Coca-Cola's bid for China firm sparks juicy debates
The Straits Times
Publication Date: 22-03-2009
Fruit juice has never been this controversial.
Juicy theories about nationalism, protectionism and conspiracy have spilled forth as China - for the first time - used its anti- trust law to quash Coca-Cola's bid to swallow Chinese fruit juice maker Huiyuan.
Beijing's ruling last week to can the US$2.4 billion deal comes just when a recession-gripped world is ever more reliant on, yet wary of, a rising China.
Governments, fearful of spreading protectionism, are sensitive to perceived gaps between China's anti-protectionist stance and moves it may make to give its own companies a leg-up at home and abroad.
China's commerce ministry rejected
Coca-Cola's bid for Huiyuan because, it said, the merger would be bad for competition. This was the first major test of China's antitrust law, enacted last year to bring its business competition rules in line with the rest of the world.
Some analysts felt the significance of the largest proposed foreign takeover of a Chinese company lies not in its failure but in the forces that led to the outcome.
The no-go came as no surprise.
Shares of Hong Kong-listed Huiyuan had previously traded below Coca-Cola's HK$12.20 per share offer, signalling doubts about a deal that has attracted outcry against 'Coca-colonisation' from China's famously vocal netizens.
What is striking is that something as mundane as juice sparked a debate about the real reasons behind the rejection of Coca-Cola's bid.
Rather than the usual 'national icon' suspects like oil, telcos or flagship airlines that, elsewhere, have inflamed emotions, Chinese consumers are up in arms over cartons of apple, grape and pear puree.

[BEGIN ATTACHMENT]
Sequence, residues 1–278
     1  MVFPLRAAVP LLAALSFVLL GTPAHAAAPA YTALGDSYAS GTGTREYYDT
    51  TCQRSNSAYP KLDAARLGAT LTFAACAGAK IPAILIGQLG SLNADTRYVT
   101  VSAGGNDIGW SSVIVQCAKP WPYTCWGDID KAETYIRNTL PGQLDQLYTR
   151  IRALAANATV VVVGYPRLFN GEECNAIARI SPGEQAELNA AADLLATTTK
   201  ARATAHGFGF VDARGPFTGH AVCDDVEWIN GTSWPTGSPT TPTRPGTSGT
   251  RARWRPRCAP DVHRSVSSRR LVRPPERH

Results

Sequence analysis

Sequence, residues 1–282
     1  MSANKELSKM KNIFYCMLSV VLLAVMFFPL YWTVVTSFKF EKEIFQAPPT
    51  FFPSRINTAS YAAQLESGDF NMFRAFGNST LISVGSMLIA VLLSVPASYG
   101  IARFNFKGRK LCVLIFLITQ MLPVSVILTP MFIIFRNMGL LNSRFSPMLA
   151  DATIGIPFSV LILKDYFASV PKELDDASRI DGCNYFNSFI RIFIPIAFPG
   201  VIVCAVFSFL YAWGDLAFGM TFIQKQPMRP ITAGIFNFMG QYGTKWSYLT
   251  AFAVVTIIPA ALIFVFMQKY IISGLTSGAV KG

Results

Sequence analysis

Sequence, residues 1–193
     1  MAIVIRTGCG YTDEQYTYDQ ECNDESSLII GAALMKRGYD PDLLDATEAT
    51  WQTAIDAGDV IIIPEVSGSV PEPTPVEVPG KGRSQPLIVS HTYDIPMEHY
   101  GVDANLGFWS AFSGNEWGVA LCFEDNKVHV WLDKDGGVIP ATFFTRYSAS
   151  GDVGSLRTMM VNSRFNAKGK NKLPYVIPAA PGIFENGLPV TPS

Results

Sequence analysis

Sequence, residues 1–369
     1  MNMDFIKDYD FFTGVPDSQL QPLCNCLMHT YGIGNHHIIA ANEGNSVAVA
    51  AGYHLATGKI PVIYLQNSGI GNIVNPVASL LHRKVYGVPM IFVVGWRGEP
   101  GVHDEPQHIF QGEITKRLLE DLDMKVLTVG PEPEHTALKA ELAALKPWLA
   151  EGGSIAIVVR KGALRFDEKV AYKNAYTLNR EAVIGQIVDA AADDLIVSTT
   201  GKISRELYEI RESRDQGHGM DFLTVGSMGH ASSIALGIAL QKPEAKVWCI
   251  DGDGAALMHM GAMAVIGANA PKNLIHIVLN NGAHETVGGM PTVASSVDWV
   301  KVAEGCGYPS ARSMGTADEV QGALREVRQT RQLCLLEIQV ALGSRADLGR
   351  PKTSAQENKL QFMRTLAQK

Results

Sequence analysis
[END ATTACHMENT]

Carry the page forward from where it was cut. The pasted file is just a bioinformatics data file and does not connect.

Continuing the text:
Indeed, Beijing's rules issued in 2006 bar foreign ownership of domestic companies across a host of industries, from power generators to weapons - but not juice.
Huiyuan is also virtually unknown abroad, even though it is a household name in China, with an estimated 40 per cent of the market for pure fruit juices.
China has long tried to grow national brands that command global recognition, but so far only a handful - Lenovo, Haier and Galanz - have made it big.
To China's 1.3 billion consumers, the Huiyuan saga has come to symbolise the country's ambition to create its own global brands without foreign involvement.
"We need to limit foreign monopolies so China can build its own strong companies and brands like Lenovo, which will stand proudly on the world stage next to big Western brands," said Xiu Yan, a Beijing office worker.
More than seven in 10 people polled by China's popular instant messaging platform QQ.com felt that a foreign takeover would lead to the 'decline and decay of national brands', and 45 per cent said they would boycott Huiyuan drinks if the company were to be acquired by Coca-Cola.
This may well be the first time that consumer activism, via China's army of opinionated netizens, has weighed in so strongly against a corporate takeover bid.